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A ring is a set $R$ together with two binary operations, $+: R \times R \rightarrow R$ and $\cdot: R \times R \rightarrow R$, such that

  • $(a+b)+c = a+(b+c)$ for all $a,b,c \in R$ (associative law of addition);
  • $a+b = b+a$ for all $a,b \in R$ (commutative law of addition);
  • there exists an element $0 \in R$ such that $a+0 = a$ for all $a \in R$ (additive identity law);
  • for all $a \in R$, there exists $b \in R$ such that $a+b = 0$ (additive inverse law);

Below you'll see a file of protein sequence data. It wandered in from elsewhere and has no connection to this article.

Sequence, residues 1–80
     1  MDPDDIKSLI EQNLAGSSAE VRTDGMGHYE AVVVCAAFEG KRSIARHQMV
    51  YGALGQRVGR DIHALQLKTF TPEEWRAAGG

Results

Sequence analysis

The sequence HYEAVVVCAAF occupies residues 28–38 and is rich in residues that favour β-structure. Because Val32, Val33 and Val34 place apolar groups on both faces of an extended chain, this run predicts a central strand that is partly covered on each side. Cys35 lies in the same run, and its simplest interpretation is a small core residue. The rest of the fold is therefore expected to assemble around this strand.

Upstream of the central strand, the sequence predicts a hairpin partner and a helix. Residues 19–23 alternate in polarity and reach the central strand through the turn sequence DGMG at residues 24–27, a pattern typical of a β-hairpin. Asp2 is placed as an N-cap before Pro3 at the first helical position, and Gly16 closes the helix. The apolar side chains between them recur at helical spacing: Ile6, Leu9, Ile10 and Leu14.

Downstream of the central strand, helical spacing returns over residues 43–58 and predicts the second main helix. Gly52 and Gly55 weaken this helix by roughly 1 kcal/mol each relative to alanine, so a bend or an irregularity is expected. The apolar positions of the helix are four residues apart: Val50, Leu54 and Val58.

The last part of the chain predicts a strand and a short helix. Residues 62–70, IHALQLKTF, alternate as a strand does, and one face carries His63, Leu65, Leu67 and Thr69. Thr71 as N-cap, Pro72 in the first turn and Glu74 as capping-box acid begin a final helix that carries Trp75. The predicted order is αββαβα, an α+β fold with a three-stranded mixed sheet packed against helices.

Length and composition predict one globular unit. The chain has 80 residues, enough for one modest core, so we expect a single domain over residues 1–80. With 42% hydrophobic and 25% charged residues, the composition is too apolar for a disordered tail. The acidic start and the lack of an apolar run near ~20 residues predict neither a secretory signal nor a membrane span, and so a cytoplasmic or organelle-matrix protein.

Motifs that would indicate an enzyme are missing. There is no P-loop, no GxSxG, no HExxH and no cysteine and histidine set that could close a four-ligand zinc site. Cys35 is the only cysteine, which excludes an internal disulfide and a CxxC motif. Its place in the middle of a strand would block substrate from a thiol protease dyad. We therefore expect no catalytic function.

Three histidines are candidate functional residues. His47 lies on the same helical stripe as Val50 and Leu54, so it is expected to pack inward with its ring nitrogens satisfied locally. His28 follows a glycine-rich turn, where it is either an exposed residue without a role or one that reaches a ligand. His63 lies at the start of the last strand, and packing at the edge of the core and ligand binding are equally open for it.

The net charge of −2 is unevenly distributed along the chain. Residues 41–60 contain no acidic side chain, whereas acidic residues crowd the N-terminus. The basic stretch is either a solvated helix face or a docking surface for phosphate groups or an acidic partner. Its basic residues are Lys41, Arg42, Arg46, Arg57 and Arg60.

• $(a \cdot b) \cdot c = a \cdot (b \cdot c)$ for all $a,b,c \in R$ (associative law of multiplication);
  • $a\cdot(b+c) = (a \cdot b) + (a \cdot c)$ and $(a+b) \cdot c = (a \cdot c) + (b \cdot c)$ for all $a,b,c \in R$ (right and left distributive laws).

In other words, a ring is an abelian group $(R,+)$ equipped with a second binary operation $\cdot$ which is associative and distributes over $+$.

A multiplicative identity is an element $1 \in R$ such that $a \cdot 1 = 1 \cdot a = a$ for all $a \in R$.

A field is a commutative (multiplicatively) ring that contains a multiplicative inverse for every nonzero element. In other words, it is a ring whose nonzero elements form an abelian group under multiplication.